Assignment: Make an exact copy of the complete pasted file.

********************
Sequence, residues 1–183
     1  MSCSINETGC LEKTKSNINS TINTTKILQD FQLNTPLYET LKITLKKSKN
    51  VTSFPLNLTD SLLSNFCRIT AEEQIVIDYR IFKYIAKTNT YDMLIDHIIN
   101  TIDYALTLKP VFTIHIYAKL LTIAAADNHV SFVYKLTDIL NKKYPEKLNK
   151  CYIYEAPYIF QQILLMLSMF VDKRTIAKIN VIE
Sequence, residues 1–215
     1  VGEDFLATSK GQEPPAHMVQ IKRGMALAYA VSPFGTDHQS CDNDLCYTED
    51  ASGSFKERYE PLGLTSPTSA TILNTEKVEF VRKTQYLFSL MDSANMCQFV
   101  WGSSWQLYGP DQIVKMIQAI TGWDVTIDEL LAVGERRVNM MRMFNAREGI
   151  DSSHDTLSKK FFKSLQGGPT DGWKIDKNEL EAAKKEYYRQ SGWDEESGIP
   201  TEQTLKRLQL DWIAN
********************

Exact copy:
Sequence, residues 1–183
     1  MSCSINETGC LEKTKSNINS TINTTKILQD FQLNTPLYET LKITLKKSKN
    51  VTSFPLNLTD SLLSNFCRIT AEEQIVIDYR IFKYIAKTNT YDMLIDHIIN
   101  TIDYALTLKP VFTIHIYAKL LTIAAADNHV SFVYKLTDIL NKKYPEKLNK
   151  CYIYEAPYIF QQILLMLSMF VDKRTIAKIN VIE
Sequence, residues 1–215
     1  VGEDFLATSK GQEPPAHMVQ IKRGMALAYA VSPFGTDHQS CDNDLCYTED
    51  ASGSFKERYE PLGLTSPTSA TILNTEKVEF VRKTQYLFSL MDSANMCQFV
   101  WGSSWQLYGP DQIVKMIQAI TGWDVTIDEL LAVGERRVNM MRMFNAREGI
   151  DSSHDTLSKK FFKSLQGGPT DGWKIDKNEL EAAKKEYYRQ SGWDEESGIP
   201  TEQTLKRLQL DWIAN